Learning the landscape
Moving back from the Netherlands to the UK in late 2010 for a full academic position was really exciting and I remember thinking it was going to be a true test of my capabilities as a researcher. I had been working in Delft (the centre of the universe if you are a Water Engineer!) for a higher education institute delivering MSc and PhD education, as well as capacity building projects across the Global South, where there was an emphasis on applied, practical on-the-ground research.
The challenge I perceived was translating my research for the highly competitive, cutting edge research market in the UK and ensuring that my tendency towards applied ideas did not disadvantage me. I needed to learn the landscape first, and as a young (ish!) researcher I was eligible for the First Grant scheme (now the New Investigator scheme) offered by the EPSRC.
After a maternity break (no. 1) I submitted the proposal in 2013 which built on my time in industry and working with fluvial flood risk predominantly in Africa and Asia. Entitled; ‘Accounting for climate change uncertainty in flood hazard prediction’ the research focussed on uncertainty quantification in future flood risk, particularly the uncertainty arising from climate change models and projections.
Freedom to explore
This grant gave me the freedom to explore research ideas independently and to set the direction of my future career. With the ideas and connections I developed while using the grant, I applied for a short project through Heriot-Watt’s EPSRC Impact Acceleration Account. This allowed for myself and a colleague to undertake a short sabbatical working in industry in order to translate the outcomes of this research into flood assessment practice. These opportunities arose because of the different types of grants available, as well as the drive from RCUK for impactful research and my desire for useful outputs. Through this work in industry, the ideas for ‘Water Resilient Cities: climate uncertainty and urban vulnerability to hydro-hazards’ started to form.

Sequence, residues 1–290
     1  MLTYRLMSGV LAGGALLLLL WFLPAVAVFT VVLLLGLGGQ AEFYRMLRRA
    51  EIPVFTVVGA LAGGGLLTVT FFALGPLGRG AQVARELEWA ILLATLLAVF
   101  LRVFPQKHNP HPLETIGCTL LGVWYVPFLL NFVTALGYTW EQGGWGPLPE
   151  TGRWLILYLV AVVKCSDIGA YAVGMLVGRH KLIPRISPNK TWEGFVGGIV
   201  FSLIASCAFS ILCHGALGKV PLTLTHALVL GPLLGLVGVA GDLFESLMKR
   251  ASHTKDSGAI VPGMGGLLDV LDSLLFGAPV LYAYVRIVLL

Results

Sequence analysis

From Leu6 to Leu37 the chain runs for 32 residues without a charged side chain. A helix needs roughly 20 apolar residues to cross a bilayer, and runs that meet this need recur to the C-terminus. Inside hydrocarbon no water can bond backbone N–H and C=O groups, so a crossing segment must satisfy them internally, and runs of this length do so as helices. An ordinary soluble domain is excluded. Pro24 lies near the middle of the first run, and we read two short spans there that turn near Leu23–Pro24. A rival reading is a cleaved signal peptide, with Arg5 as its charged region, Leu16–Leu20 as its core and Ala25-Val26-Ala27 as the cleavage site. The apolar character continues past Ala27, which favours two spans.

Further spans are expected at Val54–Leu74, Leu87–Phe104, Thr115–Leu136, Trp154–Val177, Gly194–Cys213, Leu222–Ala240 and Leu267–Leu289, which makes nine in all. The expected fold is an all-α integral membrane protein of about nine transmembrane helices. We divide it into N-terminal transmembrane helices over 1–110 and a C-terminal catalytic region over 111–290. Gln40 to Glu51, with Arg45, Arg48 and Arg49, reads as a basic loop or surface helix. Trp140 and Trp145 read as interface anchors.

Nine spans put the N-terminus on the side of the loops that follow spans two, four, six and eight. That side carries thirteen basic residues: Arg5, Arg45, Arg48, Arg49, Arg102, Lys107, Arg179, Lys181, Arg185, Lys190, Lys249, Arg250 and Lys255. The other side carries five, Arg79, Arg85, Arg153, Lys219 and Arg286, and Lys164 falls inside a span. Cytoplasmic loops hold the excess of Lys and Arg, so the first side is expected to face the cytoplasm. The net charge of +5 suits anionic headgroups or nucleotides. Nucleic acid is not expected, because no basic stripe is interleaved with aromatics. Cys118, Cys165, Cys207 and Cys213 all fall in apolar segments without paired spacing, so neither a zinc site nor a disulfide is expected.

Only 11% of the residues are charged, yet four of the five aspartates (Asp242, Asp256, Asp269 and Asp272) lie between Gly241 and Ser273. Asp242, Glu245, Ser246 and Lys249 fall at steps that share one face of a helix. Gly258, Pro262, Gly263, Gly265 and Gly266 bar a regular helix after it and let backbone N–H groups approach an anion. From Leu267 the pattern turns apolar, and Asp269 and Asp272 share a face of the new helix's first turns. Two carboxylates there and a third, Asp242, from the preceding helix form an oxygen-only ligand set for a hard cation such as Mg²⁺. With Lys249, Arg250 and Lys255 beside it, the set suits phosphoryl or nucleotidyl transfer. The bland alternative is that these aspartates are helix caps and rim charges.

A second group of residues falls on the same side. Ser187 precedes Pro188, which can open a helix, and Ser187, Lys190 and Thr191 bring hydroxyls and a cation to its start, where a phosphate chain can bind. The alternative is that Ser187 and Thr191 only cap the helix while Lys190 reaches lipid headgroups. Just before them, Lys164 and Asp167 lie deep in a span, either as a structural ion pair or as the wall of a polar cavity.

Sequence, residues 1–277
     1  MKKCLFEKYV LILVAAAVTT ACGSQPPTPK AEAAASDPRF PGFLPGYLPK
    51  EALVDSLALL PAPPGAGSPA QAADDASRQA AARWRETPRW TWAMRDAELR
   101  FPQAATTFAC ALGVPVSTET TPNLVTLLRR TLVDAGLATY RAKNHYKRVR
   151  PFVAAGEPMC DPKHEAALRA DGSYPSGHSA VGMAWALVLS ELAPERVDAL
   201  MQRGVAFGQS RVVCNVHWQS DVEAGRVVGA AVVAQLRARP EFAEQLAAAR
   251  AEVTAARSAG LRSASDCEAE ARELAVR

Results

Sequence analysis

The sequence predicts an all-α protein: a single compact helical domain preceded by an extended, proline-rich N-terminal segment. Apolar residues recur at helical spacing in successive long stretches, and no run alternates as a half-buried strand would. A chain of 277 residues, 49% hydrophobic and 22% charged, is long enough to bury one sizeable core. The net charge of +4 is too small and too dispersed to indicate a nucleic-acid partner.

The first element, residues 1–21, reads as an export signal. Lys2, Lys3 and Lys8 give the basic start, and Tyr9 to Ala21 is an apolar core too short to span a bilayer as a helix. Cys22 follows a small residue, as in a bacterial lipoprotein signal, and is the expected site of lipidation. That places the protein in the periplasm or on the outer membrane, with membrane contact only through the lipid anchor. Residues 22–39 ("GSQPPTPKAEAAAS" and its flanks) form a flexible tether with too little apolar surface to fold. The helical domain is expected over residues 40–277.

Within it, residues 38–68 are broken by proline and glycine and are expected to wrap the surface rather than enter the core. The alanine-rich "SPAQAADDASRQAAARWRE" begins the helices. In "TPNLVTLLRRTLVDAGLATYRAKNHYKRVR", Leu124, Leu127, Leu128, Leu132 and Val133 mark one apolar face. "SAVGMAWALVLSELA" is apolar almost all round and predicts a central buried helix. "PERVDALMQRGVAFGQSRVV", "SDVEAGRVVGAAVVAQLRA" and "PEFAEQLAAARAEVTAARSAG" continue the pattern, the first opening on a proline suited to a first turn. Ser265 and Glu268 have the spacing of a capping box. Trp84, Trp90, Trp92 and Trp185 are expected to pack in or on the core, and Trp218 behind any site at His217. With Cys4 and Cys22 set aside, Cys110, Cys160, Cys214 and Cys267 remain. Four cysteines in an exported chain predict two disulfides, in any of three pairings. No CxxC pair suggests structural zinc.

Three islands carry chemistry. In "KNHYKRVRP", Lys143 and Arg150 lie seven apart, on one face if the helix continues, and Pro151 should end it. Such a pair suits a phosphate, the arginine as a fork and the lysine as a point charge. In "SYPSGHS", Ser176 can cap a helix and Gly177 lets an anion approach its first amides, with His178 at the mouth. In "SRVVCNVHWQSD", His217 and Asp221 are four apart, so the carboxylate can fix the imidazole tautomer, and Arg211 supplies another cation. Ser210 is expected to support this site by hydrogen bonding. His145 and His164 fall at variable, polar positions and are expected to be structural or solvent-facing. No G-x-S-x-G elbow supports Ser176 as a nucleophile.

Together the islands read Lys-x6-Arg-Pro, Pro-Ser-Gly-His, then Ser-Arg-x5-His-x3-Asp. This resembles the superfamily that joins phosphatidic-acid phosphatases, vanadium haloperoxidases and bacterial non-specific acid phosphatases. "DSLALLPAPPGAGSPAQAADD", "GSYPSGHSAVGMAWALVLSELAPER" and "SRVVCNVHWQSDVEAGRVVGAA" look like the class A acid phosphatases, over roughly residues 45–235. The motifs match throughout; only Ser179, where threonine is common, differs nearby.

The Living With Environmental Change (LWEC) challenge fellowship call in 2015 was highlighted by my Director of Research at the time, and it seemed perfectly aligned to my direction of investigation, as I was very keen to integrate a social dimension into my research. A fellowship seemed like an amazing opportunity; as well as an almost unassailable goal. With significant support and guidance from academics around me at Heriot-Watt, and my improving thick skin (resilience in the face of constructive criticism), the idea evolved over a number of months. I succeeded through the outline, full proposal and eventually the interview stages to be awarded an Early Career Fellowship in 2016. This has truly been the springboard to my research career. It has afforded me the space and time to develop my team, research direction, network and standing in the research community. It has linked me to the Research Councils, given me opportunities to speak at the Royal Society, and increased my outreach, allowing me to work with policy-makers and politicians.
Managing hydrometeorological risk is a worldwide problem, and with the opportunities afforded by the freedom of a five-year fellowship, alongside Heriot-Watt University’s international positioning, (campuses in the Middle East and South East Asia) I am now looking forward to re-establishing an international perspective in my research and create more opportunities for international collaborations in the future.